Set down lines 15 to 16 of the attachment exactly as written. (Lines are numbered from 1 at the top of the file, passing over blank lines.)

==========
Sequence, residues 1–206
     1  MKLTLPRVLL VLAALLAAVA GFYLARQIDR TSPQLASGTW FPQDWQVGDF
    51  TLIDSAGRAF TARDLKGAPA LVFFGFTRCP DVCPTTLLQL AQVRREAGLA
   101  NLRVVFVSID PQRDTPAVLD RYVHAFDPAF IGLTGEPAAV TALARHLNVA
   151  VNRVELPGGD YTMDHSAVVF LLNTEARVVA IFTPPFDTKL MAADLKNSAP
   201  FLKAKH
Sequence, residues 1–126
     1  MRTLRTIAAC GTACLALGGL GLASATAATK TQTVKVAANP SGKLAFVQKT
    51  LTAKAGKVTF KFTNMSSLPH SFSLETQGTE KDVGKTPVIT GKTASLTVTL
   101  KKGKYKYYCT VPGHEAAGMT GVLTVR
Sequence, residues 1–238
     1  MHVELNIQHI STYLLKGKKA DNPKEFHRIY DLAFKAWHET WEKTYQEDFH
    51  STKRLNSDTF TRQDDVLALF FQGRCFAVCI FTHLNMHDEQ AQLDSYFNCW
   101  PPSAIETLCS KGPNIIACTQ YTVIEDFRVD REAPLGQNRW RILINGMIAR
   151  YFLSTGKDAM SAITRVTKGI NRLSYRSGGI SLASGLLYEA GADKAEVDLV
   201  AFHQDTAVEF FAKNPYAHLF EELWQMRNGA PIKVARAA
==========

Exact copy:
   151  YFLSTGKDAM SAITRVTKGI NRLSYRSGGI SLASGLLYEA GADKAEVDLV
   201  AFHQDTAVEF FAKNPYAHLF EELWQMRNGA PIKVARAA